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Pakistan flood deaths surpass 1,000 in ‘climate catastrophe’

The death toll from widespread flooding in Pakistan has topped 1,000 since mid-June, officials said on Sunday as the country’s climate minister called the deadly monsoon season a “serious climate disaster.” rice field.

Heavy rain flash floods washed away villages and crops, and soldiers and rescue workers evacuated stranded residents to safety in relief camps, providing food to thousands of displaced Pakistanis.

Pakistan’s National Disaster Management Agency has reported that the death toll has reached 1,033 since the monsoon season began earlier than usual this year.

In a video posted to Twitter, Pakistan’s senator and the country’s top climate officer, Sherry Lehman, said Pakistan was “a severe climate disaster and one of the most difficult of the decade”. ‘, he said.

“We are now at the forefront of extreme weather events, with heat waves, wildfires, flash floods, glacial lake outbursts and a constant cascade of floods. The monsoon is raging.-Stop the havoc across the country,” she said. The statement, caught on camera, was retweeted by the Ambassador to the European Union.

Flooding from the Swat River affected northwestern Khyber Pakhtunkhwa province during the night. Tens of thousands of people fled from their homes to relief camps set up in government buildings, especially in Charzada and Nowshera districts. Kamran Bangash, a spokesperson for the state government, said many people had taken refuge on the roadside.

Bangash said about 180,000 people had been displaced from Charsada and 150,000 from villages in Nowshera district.

Khaista Rehman, 55, who has no connection to the climate minister, took refuge on the side of the Islamabad-Peshawar highway with his wife and three children after his home in Charsadda was submerged overnight.

“Thank God, we are safe now on this road, which is quite high from the flooded area,” he said. “Our crops are gone, our homes destroyed, but we thank Allah that we are alive and resume life with His sons.”

An unprecedented monsoon season has affected all four states of the country. Nearly 300,000 homes have been destroyed, many roads have been impassable, and widespread power outages have affected millions of people.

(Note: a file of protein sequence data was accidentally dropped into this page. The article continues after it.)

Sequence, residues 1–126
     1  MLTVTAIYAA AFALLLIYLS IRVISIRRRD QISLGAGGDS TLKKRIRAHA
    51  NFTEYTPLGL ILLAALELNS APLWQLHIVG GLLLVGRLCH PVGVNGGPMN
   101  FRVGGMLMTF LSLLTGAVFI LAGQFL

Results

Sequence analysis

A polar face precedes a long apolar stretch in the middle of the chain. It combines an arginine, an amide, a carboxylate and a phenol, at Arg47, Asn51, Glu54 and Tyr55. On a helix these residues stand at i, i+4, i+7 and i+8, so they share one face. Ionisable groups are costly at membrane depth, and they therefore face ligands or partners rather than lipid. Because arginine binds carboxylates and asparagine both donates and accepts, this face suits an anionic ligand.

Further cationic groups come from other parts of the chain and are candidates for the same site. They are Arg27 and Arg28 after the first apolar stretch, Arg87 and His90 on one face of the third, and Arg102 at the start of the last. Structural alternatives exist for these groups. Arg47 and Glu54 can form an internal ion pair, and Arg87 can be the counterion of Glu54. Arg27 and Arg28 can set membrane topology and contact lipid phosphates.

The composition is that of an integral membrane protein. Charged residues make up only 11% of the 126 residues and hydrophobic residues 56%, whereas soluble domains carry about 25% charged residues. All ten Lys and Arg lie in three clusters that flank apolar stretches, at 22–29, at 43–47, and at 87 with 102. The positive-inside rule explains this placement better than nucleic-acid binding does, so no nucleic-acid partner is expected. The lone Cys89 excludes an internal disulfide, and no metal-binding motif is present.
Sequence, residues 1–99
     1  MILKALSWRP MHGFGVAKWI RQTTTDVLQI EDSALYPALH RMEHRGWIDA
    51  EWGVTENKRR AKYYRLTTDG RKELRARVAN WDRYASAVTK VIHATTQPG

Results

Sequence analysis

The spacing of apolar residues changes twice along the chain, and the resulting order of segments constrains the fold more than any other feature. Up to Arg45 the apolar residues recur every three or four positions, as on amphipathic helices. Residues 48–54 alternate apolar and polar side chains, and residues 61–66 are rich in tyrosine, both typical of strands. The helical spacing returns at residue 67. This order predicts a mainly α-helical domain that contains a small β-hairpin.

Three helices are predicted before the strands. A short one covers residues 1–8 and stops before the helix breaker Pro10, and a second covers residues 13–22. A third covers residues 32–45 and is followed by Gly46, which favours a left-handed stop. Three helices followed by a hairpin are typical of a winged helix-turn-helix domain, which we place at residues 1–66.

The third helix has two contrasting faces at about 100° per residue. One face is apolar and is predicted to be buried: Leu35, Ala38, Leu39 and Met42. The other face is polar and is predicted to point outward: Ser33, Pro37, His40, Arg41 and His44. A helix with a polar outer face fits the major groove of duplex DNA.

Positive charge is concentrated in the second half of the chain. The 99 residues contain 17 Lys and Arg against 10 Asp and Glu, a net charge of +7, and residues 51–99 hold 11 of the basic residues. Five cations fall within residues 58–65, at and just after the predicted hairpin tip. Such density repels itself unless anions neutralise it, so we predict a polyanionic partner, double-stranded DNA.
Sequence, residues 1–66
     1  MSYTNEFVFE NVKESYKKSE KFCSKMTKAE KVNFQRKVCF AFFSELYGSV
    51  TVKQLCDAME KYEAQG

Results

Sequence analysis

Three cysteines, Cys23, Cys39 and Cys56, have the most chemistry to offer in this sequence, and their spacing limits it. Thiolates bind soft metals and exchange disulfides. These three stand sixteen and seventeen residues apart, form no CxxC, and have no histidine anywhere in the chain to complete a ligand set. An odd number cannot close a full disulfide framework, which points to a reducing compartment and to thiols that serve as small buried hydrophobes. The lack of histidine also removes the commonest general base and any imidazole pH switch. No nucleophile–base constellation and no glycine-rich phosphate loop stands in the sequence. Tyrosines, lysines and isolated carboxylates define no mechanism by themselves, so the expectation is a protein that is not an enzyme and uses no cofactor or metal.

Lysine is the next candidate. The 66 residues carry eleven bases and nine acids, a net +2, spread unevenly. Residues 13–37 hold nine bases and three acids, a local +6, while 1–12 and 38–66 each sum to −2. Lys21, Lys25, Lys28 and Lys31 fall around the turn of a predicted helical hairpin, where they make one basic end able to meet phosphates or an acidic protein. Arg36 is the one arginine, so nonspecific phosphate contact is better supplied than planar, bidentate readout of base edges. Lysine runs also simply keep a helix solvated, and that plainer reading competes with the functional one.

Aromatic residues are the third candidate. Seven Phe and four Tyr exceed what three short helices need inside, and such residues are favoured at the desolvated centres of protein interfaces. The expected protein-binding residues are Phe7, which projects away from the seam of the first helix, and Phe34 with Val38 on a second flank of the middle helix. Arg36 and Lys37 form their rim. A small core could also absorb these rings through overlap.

Pope Francis said on Sunday that he wanted to guarantee “closeness to the people of Pakistan hit by floods of devastating magnitude”. He said he prayed “for the many victims, wounded and displaced, and that international solidarity will be swift and generous.”

“A quarter or a third of Pakistan could be under water” by the time the rains stop, Rehman told Turkish news agency TRT World.

“This is a global crisis and of course we need better planning and sustainable development. …We will need climate-resilient crops and buildings,” she said.

In May, Lehmann told BBC Newshour that rising temperatures were creating extreme weather in both the north and south. It happens a lot because Pakistan has the most glaciers outside the polar regions.”

The government has deployed soldiers to assist civilian authorities in rescue and relief efforts across the country. The Pakistani military said in a statement that it had airlifted his 22 tourists, who were trapped in a valley in the north of the country, to safety.

Prime Minister Shabaz Sharif visited flood victims in Jafferabad city, Balochistan province. He vowed that the government would provide housing for all who were left homeless.

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Associated Press writers Riaz Khan of Peshawar, Asim Tanvir of Multan, Pakistan and Francis Demilio of Rome contributed.

Zarah Khan, The Associated Press

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Pakistan flood deaths surpass 1,000 in ‘climate catastrophe’

Source link Pakistan flood deaths surpass 1,000 in ‘climate catastrophe’

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